His causes also extended to abolitionism. In 1846, Howe entered the antislavery movement for the first time as a Congressional candidate. He was not elected but continued his abolitionist work for the rest of his life. Howe was one of the supporters of John Brown, who was the leader of the Harpers Ferry Rebellion in 1859. During the Civil War, Howe worked for the US Sanitary Commission in Washington promoting hygiene, in an effort to make hospitals and soldiers safer. Because of this work and his work towards emancipation, in 1863, he was one of three men appointed by the Secretary of War to the American Freedmen’s Inquiry Commission. He was charged with investigating conditions of freedmen in the South since the Emancipation Proclamation and with aiding their transition to freedom. His abolitionist work led to many acquaintances and friendships with well-known Bostonians including Charles Sumner, William Lloyd Garrison, Edward Everett, Oliver Wendell Holmes, and others.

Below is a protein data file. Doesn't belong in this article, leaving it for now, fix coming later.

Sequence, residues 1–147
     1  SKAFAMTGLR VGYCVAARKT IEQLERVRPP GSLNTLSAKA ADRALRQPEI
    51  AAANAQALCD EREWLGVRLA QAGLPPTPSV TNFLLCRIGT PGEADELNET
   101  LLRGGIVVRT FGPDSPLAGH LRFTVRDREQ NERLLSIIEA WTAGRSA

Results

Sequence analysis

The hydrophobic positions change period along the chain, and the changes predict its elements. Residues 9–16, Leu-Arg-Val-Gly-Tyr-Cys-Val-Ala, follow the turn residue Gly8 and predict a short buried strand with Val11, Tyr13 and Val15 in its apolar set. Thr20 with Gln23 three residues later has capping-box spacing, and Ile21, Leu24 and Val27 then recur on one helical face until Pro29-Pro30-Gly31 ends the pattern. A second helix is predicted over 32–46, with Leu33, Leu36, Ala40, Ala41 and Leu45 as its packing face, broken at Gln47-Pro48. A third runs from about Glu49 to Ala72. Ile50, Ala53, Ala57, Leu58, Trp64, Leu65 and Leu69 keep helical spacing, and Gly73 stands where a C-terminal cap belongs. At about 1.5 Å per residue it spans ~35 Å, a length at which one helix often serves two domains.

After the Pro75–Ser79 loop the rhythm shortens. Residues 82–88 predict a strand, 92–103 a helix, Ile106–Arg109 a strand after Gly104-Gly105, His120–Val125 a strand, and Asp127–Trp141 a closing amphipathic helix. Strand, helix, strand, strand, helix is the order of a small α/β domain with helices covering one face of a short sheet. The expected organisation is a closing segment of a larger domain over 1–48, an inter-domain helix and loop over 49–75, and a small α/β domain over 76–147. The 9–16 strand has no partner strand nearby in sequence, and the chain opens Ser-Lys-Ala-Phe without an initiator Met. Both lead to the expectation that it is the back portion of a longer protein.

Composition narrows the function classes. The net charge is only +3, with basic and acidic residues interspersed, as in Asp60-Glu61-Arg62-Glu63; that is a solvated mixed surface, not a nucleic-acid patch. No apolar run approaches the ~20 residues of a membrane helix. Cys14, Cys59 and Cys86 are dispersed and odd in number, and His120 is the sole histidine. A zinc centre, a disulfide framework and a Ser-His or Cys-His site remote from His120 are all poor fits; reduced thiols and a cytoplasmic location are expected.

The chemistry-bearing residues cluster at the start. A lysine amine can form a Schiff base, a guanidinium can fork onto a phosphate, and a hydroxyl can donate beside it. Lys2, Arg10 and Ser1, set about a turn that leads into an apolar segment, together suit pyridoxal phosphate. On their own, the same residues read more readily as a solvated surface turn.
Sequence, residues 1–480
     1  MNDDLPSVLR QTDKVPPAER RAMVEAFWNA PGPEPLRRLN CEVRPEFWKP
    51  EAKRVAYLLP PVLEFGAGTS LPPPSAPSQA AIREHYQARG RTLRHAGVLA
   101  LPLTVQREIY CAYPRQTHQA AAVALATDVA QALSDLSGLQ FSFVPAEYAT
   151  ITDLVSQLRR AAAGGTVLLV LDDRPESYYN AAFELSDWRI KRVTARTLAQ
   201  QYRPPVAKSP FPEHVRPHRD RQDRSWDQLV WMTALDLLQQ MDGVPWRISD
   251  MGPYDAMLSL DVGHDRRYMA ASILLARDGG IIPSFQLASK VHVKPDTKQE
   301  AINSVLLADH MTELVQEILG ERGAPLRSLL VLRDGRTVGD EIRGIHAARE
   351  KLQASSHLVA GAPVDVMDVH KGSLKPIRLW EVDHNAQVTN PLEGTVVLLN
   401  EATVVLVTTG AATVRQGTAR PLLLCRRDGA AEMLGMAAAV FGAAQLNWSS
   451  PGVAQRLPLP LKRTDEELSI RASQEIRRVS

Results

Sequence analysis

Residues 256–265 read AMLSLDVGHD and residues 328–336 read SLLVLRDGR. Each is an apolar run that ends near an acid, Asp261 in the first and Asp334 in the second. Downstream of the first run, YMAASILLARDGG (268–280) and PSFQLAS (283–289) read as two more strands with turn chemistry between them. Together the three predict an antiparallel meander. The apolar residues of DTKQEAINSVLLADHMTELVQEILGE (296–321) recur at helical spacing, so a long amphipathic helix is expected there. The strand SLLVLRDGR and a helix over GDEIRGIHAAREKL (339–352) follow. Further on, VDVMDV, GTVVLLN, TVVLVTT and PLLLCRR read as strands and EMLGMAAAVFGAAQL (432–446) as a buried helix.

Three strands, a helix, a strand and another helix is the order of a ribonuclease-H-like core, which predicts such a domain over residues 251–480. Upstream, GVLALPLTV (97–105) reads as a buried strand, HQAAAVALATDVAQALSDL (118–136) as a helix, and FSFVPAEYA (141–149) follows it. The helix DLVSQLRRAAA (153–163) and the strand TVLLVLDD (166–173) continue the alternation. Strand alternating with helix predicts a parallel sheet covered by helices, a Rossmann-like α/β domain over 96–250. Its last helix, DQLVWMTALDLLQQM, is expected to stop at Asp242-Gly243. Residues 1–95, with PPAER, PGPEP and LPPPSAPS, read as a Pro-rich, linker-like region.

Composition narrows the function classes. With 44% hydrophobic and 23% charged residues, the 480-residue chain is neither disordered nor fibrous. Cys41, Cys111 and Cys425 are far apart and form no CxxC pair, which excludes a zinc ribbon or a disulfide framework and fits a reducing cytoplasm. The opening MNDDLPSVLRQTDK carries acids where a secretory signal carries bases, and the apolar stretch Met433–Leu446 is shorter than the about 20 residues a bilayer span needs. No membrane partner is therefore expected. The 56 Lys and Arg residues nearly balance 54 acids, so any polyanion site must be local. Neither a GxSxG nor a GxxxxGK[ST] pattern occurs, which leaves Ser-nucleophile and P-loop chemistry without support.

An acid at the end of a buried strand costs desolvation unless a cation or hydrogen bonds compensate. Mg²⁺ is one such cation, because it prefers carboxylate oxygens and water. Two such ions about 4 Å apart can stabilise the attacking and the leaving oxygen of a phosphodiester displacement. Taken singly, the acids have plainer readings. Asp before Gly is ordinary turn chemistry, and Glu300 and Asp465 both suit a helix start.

Howe married Julia Ward in 1843 and the couple had six children. Julia Ward Howe is known for her work as a social activist, especially for women’s suffrage. She was a writer and lecturer who is best known today for writing “The Battle Hymn of the Republic” and the original Mother’s Day Proclamation in 1870. Like her husband, Julia was an abolitionist.
After serving as the school’s director for over 40 years, Samuel Gridley Howe died on January 9, 1876 at the age of 74. He left behind a legacy of work aimed at reform and social change, whose influence is still felt today. After his death, Michael Anagnos, Howe’s son-in-law, assumed the role of Perkins’ second director. Anagnos also assigned the name Howe Memorial Press to the printing fund, created in 1880. A large printing of the memoir of Dr. Howe in Boston Line Type was announced the following year. His legacy of service was also recognized in 1944, when a Liberty Ship was named the “SS Samuel G. Howe” in his honor. Today, Perkins most recognized building on campus bears his name.